Johnson to Accept EU Tariffs on British Goods Amid Trade Talks, Report Claims
By Staff, Agencies
UK Prime Minister Boris Johnson has expressed his readiness to accept EU tariffs on some British goods in an attempt to break the deadlock in the trade talks with Brussels after fruitless previous rounds, the Daily Mail reported, citing sources.
The PM's chief negotiator, David Frost, reportedly came up with a new offer, suggesting that the UK accept tariffs on a small number of goods, while the EU steps away from the demand that the UK keep following the rules set down by Brussels.
While it is unclear what sectors are being considered, the tariffs will reportedly apply to “sensitive agricultural goods”. According to a statement released by Frost after the round of talks, the UK is “close to reaching the limits of what we can achieve through the format of remote formal rounds”. In the statement, he insists that work must be accelerated to reach a “balanced deal”, noting that the UK is unwilling to give up on its position regarding the 'level playing field'.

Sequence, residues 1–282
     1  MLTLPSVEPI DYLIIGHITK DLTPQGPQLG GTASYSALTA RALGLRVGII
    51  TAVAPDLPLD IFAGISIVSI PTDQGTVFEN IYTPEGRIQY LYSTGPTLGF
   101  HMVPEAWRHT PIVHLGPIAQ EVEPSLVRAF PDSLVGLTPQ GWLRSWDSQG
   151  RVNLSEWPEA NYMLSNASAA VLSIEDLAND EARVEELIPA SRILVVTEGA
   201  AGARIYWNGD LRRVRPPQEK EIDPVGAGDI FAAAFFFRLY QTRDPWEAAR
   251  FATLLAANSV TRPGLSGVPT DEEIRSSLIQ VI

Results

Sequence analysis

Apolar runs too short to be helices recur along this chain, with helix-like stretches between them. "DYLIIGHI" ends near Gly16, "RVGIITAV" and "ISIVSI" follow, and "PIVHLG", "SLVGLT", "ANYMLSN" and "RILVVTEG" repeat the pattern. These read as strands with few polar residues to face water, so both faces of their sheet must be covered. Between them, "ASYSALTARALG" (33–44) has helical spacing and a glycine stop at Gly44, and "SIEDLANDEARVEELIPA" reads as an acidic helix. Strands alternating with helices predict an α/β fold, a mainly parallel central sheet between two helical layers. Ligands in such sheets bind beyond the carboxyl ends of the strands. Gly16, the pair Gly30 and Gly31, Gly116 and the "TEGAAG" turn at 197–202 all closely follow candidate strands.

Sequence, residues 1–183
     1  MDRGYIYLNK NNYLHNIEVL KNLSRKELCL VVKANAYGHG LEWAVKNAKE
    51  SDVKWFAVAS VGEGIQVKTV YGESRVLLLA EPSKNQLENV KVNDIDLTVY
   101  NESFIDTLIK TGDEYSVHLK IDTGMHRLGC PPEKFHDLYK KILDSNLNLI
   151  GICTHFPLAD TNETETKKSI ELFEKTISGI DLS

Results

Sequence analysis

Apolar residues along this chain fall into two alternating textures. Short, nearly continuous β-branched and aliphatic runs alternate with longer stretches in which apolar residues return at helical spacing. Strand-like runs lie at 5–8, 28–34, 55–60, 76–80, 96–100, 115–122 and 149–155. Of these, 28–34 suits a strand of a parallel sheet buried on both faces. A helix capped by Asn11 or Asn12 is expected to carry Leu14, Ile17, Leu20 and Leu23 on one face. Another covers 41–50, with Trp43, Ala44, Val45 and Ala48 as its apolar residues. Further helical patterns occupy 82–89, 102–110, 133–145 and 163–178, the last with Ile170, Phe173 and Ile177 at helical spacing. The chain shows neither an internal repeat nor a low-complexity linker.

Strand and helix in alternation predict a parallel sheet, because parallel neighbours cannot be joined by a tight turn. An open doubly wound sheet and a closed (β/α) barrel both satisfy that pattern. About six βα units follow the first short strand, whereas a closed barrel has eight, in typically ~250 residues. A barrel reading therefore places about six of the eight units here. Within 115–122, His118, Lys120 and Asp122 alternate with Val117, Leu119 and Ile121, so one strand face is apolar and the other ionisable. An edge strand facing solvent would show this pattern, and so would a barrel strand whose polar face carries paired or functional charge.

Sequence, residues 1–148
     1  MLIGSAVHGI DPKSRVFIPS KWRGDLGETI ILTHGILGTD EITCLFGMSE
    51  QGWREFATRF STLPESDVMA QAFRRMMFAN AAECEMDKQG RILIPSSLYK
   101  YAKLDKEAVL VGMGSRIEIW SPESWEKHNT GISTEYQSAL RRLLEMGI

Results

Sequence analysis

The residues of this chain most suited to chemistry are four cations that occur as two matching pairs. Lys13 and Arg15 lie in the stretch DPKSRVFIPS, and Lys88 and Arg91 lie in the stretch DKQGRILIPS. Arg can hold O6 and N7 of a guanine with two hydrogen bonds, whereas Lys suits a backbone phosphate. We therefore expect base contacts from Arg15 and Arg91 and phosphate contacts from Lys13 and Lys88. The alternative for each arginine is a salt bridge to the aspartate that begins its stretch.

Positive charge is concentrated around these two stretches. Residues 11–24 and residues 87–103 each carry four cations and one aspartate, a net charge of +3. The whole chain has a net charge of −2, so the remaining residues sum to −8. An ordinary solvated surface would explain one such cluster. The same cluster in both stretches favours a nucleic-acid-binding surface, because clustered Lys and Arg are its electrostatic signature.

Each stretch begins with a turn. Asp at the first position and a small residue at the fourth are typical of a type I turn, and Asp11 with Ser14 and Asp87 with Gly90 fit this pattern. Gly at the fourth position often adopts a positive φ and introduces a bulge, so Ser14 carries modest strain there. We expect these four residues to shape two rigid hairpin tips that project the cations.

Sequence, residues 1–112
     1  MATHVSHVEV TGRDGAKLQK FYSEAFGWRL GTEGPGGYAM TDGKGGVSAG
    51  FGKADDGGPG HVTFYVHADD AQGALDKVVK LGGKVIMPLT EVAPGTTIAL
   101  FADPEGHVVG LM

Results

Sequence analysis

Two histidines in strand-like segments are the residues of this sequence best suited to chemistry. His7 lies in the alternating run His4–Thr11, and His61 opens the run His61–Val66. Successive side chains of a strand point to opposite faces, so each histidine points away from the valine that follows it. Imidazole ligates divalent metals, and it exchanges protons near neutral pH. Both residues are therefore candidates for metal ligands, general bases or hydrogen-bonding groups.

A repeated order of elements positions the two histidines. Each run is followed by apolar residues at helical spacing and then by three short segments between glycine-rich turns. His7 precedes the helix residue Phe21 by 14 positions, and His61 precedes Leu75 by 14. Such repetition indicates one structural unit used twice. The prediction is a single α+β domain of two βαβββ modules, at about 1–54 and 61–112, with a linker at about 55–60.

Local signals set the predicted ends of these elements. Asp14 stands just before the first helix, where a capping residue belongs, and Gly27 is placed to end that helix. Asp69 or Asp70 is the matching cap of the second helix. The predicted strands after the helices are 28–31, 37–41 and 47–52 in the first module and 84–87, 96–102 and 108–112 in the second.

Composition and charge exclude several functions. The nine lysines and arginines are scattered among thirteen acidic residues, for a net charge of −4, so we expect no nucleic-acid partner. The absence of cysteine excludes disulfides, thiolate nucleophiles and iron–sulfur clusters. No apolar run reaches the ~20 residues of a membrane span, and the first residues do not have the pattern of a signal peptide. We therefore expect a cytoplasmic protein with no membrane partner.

“Any such deal must of course accommodate the reality of the UK's well-established position on the so-called 'level playing field', on fisheries, and the other difficult issues.”, Frost said in the statement.
According to the European chief negotiator, Michel Barnier, it is the “level playing field” and the fishing rights issue that has deadlocked the talks. According to the Daily Mail, however, Barnier had to recognize the UK's intention to take full control over its waters and decisions on who may fish there.
He also invited the UK to extend the transition period, but that suggestion was overruled by Britain.
The transition period was set after Brexit and is expected to expire at the end of 2020. Johnson earlier opposed the idea of imposing tariffs, claiming that the UK would walk away from the talks if the country's conditions are not met. Despite the possibility of a “no deal scenario”, both sides are currently seeking to arrange a trade deal.